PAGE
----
U.S. Senator Orrin Hatch (R-Utah), Ranking Member of the Senate Finance Committee, today delivered the following opening statement at a committee hearing examining expiring tax provisions and tax reform:
It is difficult to find many people who will argue that Congress can, or should, continue dealing with tax extenders in a business as usual manner. The explosion of temporary tax provisions in recent years is a very notable and problematic trend. The number of temporary tax provisions has grown from 42 in 1998 to 154 in 2011. Even those tax extenders that are sound tax policy lose much of their power due to their temporary character.
For example, Congress has recently allowed important temporary tax incentives such as the research and development credit to expire. Then, after business decisions have already been made, Congress has retroactively extended the tax provisions. If a provision is worthy of being in the tax code, then it generally should be made permanent. For instance, the R and D credit is an extremely worthy provision, and it should be enhanced and made permanent, as Chairman Baucus and I proposed in a bill that we introduced in September 2011.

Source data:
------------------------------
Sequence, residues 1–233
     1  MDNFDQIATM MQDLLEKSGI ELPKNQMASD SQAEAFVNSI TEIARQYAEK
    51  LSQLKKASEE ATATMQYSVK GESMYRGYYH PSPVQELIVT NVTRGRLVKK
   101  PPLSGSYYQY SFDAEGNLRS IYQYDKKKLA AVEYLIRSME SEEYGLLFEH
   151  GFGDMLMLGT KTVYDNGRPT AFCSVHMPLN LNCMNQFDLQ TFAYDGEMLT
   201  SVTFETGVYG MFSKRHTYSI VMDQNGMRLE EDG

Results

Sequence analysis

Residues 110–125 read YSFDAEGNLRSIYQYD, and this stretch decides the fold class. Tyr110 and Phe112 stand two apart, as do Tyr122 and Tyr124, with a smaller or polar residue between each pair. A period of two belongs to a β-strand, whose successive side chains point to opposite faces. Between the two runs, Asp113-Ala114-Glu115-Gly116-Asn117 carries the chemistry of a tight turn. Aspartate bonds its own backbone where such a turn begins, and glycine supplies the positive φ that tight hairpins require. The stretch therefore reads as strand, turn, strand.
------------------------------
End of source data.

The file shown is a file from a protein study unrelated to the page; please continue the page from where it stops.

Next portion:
Certainty in the Tax Code is a very important factor in allowing businesses to plan their affairs, make investments, and create jobs. And these job creators don't want bad certainty --they don't want to hear that their taxes are going up. Congress should provide this certainty by making permanent the provisions that are worthy of remaining in the law, and eliminating those that are not. Chairman Baucus and I agree, along with many of our colleagues, that the current tax code demands comprehensive reform. In the meantime, before tax reform is accomplished, Congress needs to decide what to do about the tax extender provisions that have expired. That is the subject of this hearing, and I'm interested in hearing the testimony of our witnesses.